I hadn't been to a hockey game since May 2012, and I'd forgotten how few breaks there are. There isn't much time to type (not that I had to—thanks Kevin!). Moreover, since the press level was all the way at the top instead of courtside (like we have for basketball), most media members leave for the locker rooms before the final horn even sounds. I went a couple of minutes after the buzzer and got there before the locker room doors were opened, but it seems like if you get in line to go in first, you can stand right up next to the players and ask them your questions. I guess that's important if you're working on a deadline, have a quoteless recap typed up, and feel like you only have time to get relevant quotes, but I like to gather a diverse range of quotes before finalizing a recap. To each his or her own, I guess.

Getting squeezed out thanks to relative tardiness wasn't a problem for me, luckily. After an accidental detour into the Devils' locker room—I should probably note here that team and event staff were nothing but nice to me all night as I got lost over and over again—I made it into the visitors' interview area. It wasn't as crowded as the home team area—just Mike Vogel, Carrera, and a videographer from CSN, along with a Caps media relations person and another individual I did not recognize. I ended up missing most of their interview with Jason Chimera and was too weak-kneed to talk to Real American Hero and 2014 Olympian John Carlson. Mike Green was the other player pulled aside for interview. None of them said anything particularly interesting—just the usual stuff about cutting out mistakes, effort level, and playing through this rough stretch. Green was more optimistic in his answers than Carlson.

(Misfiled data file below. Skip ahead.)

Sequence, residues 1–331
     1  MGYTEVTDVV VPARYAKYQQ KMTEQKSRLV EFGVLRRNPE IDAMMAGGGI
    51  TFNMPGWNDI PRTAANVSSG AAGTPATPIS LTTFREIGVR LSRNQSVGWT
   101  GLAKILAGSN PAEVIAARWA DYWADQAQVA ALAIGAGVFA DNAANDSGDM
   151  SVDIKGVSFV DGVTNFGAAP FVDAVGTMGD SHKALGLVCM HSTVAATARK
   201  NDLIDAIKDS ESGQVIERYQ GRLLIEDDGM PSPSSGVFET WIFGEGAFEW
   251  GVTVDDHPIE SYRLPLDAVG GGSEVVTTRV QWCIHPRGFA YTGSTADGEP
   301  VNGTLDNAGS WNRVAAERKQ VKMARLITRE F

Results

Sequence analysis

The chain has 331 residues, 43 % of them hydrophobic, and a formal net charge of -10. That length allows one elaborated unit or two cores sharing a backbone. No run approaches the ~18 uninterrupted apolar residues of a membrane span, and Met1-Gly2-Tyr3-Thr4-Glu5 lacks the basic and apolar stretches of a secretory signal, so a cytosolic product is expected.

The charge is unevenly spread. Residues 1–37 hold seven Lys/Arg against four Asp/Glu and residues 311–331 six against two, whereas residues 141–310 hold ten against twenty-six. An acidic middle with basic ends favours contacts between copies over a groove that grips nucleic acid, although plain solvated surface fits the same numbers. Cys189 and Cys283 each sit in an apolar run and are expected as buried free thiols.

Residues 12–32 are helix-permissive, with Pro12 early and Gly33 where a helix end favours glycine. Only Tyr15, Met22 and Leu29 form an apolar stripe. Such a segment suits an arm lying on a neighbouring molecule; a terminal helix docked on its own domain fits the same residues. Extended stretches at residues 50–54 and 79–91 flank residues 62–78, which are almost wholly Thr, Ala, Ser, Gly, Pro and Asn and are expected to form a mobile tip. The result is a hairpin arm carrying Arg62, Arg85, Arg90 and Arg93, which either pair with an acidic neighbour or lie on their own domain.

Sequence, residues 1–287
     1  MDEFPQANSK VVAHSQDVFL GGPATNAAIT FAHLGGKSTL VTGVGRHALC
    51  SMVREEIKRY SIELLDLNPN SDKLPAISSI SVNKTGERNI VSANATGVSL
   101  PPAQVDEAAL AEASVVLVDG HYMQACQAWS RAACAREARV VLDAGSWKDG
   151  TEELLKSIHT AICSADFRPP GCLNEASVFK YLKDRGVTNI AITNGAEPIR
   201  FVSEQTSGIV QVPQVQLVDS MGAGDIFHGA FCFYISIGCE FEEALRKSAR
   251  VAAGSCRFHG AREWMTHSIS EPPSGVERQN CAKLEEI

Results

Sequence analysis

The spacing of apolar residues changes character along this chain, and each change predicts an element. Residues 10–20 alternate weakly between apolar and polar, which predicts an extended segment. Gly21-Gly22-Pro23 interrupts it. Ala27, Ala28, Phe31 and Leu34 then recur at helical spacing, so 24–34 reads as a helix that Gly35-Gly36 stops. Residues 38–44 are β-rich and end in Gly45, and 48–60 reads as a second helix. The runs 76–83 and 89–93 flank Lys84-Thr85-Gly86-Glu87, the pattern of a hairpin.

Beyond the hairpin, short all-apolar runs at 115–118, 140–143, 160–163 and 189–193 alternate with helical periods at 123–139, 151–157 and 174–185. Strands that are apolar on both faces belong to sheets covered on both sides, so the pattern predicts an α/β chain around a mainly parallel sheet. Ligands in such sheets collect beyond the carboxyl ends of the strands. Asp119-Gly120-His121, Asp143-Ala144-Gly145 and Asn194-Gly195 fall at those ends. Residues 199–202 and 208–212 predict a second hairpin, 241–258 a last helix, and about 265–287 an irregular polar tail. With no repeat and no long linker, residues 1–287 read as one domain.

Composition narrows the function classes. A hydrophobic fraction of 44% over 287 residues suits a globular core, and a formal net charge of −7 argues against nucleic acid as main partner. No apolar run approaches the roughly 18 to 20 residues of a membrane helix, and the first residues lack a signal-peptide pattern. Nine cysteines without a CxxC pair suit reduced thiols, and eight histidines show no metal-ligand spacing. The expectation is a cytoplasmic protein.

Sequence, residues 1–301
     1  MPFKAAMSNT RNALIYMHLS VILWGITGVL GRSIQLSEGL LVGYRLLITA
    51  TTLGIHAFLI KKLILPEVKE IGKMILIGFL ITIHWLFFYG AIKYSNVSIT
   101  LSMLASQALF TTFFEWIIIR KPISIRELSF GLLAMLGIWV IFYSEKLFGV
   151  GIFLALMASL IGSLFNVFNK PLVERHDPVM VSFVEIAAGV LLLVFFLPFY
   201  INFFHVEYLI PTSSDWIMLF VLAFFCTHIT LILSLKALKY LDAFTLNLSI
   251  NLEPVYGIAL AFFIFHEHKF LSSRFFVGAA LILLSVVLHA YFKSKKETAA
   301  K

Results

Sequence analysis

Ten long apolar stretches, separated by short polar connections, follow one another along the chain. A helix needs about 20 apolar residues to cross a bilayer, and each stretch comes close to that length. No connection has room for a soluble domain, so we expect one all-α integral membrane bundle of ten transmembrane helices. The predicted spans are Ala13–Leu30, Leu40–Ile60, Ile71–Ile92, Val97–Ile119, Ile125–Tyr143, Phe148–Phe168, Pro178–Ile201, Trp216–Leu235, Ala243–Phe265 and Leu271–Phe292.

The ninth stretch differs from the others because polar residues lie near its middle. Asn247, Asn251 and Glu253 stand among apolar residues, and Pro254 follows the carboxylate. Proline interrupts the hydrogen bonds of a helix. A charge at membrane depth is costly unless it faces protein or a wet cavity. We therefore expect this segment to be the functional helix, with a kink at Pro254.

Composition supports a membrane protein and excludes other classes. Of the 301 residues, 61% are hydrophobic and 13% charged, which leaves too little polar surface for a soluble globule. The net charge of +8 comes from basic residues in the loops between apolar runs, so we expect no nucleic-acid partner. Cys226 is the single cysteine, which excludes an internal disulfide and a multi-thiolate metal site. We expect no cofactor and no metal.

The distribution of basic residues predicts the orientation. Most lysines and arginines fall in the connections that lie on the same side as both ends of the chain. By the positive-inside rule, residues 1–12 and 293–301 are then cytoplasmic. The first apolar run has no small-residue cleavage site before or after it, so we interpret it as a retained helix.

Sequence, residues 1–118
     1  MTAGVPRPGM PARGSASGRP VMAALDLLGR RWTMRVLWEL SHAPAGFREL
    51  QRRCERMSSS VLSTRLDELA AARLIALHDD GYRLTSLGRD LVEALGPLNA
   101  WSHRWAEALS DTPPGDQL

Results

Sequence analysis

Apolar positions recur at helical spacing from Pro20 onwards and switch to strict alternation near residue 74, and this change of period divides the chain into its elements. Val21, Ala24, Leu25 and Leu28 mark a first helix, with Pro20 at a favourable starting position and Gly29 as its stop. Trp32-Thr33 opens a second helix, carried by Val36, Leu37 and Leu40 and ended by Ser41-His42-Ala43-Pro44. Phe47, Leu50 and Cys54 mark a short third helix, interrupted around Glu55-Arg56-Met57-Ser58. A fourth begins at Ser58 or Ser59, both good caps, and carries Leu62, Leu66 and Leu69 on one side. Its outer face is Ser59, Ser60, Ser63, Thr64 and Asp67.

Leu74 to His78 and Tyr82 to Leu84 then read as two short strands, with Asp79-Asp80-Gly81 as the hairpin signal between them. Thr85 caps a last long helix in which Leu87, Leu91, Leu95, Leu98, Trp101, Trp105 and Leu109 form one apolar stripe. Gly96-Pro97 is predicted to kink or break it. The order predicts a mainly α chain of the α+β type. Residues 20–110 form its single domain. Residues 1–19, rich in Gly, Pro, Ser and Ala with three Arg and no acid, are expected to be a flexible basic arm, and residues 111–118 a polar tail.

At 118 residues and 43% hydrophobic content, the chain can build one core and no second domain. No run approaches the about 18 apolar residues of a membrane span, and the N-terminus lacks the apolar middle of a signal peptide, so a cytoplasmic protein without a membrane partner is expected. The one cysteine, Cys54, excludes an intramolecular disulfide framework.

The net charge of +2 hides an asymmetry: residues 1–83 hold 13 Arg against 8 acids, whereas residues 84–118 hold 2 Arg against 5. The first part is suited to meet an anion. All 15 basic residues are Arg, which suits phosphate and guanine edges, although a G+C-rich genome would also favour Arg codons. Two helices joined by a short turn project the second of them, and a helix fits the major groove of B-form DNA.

After that, the Caps media relations person told us Adam Oates would be answering questions just outside, so out the five of us went. He didn't say anything particularly interesting—he thought they played alright, with neither focus nor effort much of a problem and just need to cut out the mistakes—although maybe at this point he doesn't feel like going into detail about the same problems over and over again. I can certainly relate from the press end, not wanting to ask the same questions after each and every loss (of which I've seen many, I assure you). At one point, Oates was discussing Grabovski's status. In hindsight, I should have used that comment to transition into one of my questions about the Erat-Grabovski-Fehr line, but I missed that opening.

After Oates finished up, I asked someone how to get out and hopped on PATH to head back to New York, knowing that this was a much better use of my time than my other sports media option this weekend: Covering a college basketball game alone in Ithaca.

If this FanPost is written by someone other than one of the blog's editors, the opinions expressed in it do not necessarily reflect those of this blog or SB Nation.